This cholesterol drug can bring kidney risk, study confirms

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In a recent study by Johns Hopkins University, researchers have raised concerns about rosuvastatin, a common cholesterol-lowering medication.

This study suggests that higher doses of rosuvastatin may harm the kidneys, a finding that could change how doctors prescribe this drug.

Rosuvastatin is part of the statin family, drugs known for their effectiveness in lowering high cholesterol. Many people rely on these medications to keep their cholesterol in check, with rosuvastatin being a popular choice.

However, this new study has brought to light some worrying findings. When the U.S. Food and Drug Administration (FDA) first approved rosuvastatin, there were already signs that it might cause kidney damage.

This included blood in the urine (hematuria) and protein in the urine (proteinuria). But until now, there hasn’t been much follow-up research to see how significant these risks are in real-world settings.

The Johns Hopkins team delved into electronic health records from 2011 to 2019, comparing the effects of rosuvastatin with another statin, atorvastatin.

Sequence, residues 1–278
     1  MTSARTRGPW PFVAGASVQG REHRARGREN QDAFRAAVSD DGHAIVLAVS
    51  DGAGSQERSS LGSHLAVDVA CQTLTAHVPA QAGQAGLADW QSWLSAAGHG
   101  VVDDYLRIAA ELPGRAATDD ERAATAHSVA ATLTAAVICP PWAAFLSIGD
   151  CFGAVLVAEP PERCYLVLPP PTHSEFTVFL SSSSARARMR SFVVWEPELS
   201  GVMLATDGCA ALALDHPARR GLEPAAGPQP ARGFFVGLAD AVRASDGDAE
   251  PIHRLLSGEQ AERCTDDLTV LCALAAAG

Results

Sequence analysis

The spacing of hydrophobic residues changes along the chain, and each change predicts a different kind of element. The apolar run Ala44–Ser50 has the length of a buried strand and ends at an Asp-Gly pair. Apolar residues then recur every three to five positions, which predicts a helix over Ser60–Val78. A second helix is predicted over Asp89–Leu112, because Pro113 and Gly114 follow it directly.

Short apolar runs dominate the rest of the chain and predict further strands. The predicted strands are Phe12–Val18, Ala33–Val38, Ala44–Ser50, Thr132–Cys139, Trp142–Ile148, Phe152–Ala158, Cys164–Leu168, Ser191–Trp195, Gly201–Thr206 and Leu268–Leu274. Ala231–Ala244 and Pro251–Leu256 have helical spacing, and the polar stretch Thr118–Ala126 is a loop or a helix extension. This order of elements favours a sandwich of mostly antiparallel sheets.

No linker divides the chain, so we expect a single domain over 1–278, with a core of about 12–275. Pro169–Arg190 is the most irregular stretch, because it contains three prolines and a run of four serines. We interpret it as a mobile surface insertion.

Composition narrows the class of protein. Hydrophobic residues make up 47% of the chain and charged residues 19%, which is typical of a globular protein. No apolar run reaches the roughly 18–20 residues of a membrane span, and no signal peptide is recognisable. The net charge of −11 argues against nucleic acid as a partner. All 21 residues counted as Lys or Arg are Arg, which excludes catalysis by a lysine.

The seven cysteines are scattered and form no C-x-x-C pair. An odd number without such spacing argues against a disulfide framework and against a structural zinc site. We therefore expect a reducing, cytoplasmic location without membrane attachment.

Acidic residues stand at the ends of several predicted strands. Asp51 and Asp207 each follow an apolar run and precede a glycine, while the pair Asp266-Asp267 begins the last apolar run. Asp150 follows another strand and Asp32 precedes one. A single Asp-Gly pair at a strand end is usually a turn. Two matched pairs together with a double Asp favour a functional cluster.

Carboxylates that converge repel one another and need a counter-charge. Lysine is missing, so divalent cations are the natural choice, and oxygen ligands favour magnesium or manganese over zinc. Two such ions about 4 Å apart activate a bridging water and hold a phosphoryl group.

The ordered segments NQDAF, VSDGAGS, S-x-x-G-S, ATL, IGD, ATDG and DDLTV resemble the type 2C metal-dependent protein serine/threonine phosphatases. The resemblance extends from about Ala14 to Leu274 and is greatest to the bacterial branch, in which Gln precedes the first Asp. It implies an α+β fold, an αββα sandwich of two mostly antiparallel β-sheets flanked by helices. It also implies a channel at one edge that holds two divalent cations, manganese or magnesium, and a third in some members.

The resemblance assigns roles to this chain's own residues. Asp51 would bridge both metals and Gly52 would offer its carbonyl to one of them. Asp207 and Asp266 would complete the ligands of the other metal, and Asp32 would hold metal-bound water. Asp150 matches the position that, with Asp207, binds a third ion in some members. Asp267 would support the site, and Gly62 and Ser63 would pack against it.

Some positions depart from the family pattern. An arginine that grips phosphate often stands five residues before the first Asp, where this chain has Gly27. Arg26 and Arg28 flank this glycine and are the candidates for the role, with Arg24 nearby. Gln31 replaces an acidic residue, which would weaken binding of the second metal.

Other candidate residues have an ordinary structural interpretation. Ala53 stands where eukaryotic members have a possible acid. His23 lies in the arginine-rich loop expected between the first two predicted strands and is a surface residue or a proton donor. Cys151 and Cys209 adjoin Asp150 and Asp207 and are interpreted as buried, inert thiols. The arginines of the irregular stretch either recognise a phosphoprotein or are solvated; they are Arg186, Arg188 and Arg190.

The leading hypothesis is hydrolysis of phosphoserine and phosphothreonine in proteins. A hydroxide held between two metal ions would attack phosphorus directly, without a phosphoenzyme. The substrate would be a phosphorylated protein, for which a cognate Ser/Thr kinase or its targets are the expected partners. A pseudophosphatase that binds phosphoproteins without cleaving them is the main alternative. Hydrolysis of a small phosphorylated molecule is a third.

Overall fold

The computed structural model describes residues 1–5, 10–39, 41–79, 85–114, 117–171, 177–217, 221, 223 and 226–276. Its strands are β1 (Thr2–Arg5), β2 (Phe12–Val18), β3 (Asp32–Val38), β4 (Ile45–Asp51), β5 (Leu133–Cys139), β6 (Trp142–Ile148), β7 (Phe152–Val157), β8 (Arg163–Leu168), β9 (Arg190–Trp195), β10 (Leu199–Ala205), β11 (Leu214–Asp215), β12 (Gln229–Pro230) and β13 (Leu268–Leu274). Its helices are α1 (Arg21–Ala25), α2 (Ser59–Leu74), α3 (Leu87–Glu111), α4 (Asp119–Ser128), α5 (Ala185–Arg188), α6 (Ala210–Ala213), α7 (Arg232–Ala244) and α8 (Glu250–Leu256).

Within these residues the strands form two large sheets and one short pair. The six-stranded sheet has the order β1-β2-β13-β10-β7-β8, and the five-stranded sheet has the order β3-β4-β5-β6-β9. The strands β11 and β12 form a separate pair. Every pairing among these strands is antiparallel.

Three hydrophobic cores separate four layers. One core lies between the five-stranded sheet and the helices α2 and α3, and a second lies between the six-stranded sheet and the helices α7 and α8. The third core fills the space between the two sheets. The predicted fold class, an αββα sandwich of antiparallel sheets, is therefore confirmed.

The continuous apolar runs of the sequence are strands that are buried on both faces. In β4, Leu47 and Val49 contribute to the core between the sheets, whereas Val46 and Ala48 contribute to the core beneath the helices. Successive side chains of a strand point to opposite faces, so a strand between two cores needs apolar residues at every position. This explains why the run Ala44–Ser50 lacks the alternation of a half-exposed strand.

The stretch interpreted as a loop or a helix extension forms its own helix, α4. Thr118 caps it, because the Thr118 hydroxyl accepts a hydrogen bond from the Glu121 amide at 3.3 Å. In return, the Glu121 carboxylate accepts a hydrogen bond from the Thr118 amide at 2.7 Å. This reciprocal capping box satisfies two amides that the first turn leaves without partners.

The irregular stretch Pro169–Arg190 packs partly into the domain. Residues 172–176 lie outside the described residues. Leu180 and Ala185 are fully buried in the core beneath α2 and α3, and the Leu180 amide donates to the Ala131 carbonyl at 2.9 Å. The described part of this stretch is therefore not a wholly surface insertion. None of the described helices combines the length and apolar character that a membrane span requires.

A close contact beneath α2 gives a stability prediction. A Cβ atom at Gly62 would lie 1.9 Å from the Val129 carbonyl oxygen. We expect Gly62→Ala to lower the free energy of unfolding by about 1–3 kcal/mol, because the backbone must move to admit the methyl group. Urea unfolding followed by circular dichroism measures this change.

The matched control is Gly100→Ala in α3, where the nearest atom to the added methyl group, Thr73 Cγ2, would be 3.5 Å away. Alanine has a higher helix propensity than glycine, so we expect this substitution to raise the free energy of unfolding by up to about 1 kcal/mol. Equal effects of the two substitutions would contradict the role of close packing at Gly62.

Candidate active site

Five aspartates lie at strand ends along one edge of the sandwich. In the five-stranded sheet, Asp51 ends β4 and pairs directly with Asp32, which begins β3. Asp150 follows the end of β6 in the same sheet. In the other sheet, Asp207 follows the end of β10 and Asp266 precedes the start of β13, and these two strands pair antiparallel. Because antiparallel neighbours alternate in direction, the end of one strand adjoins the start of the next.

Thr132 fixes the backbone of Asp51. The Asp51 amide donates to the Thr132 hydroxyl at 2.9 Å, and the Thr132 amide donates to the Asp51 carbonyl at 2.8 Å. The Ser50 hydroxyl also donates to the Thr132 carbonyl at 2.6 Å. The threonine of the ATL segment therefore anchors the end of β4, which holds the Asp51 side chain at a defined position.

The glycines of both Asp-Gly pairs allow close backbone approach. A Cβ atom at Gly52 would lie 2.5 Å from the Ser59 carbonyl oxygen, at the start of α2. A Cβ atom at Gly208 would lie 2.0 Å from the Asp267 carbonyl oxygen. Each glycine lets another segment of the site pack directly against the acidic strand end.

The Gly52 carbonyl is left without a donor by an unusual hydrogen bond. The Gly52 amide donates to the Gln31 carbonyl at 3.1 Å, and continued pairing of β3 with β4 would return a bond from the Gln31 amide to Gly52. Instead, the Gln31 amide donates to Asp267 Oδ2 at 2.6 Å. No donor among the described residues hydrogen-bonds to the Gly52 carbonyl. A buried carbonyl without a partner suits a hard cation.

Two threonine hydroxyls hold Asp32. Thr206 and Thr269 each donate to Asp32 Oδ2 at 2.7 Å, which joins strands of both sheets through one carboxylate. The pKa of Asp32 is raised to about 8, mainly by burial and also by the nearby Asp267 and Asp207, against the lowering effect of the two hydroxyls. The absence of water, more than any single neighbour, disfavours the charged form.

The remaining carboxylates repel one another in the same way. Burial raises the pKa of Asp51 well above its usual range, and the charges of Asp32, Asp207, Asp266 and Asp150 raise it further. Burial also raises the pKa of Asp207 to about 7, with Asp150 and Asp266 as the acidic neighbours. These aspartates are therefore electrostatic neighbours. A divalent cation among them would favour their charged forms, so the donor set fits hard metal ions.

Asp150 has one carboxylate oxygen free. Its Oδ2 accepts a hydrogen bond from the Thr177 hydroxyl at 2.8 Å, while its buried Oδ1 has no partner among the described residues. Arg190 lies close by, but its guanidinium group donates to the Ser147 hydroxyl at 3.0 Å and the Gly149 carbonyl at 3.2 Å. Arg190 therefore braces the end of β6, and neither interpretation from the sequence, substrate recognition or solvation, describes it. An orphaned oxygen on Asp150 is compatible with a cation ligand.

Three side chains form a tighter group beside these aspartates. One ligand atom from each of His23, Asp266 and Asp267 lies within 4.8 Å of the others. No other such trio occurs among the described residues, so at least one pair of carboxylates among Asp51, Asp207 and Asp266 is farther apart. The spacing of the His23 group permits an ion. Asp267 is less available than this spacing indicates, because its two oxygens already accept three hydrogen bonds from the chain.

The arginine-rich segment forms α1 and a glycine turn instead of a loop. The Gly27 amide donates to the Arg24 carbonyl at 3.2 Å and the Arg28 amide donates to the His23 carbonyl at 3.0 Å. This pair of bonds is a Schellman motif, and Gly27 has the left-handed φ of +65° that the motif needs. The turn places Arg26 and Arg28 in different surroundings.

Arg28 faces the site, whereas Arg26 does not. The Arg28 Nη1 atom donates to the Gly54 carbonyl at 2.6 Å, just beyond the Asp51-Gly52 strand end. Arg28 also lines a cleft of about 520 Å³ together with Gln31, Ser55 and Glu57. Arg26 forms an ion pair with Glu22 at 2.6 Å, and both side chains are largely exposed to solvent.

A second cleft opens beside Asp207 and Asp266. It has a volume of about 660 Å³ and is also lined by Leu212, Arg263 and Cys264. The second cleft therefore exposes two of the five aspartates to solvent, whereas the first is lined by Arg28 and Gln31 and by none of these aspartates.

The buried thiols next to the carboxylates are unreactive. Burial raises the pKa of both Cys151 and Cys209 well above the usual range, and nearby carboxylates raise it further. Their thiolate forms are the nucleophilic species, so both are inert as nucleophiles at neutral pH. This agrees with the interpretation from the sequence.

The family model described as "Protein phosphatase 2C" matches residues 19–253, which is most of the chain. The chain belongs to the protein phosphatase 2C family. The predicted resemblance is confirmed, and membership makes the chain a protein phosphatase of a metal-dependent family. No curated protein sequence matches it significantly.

They looked at records of over 150,000 people who started taking rosuvastatin and nearly 800,000 new users of atorvastatin.

Over three years, they found that 2.9% of the patients developed hematuria and 1.0% developed proteinuria.

More concerning was the discovery that compared to atorvastatin, rosuvastatin increased the risk of hematuria by 8%, proteinuria by 17%, and severe kidney failure (requiring treatments like dialysis or a transplant) by 15%.

The risks were even higher with larger doses of rosuvastatin. This was particularly alarming in patients with advanced kidney disease, where 44% were prescribed higher doses than the FDA recommends for those with poor kidney function.

Despite these risks, the study found that rosuvastatin and atorvastatin were similarly effective in providing heart benefits. This raises an important question: is the small risk associated with high doses of rosuvastatin worth it, especially for people with existing kidney issues?

Published in the Journal of the American Society of Nephrology, this study by Jung-im Shin and colleagues prompts a reevaluation of how rosuvastatin is used, especially in higher doses.

It suggests that doctors and patients should weigh the risks and benefits more carefully, considering the potential for kidney damage.

This research is a crucial reminder of the importance of ongoing monitoring and evaluation of medications after they are approved and enter widespread use.

As our understanding of these drugs’ effects in real-world settings grows, medical guidelines and prescriptions can be adjusted to prioritize patient safety and health.

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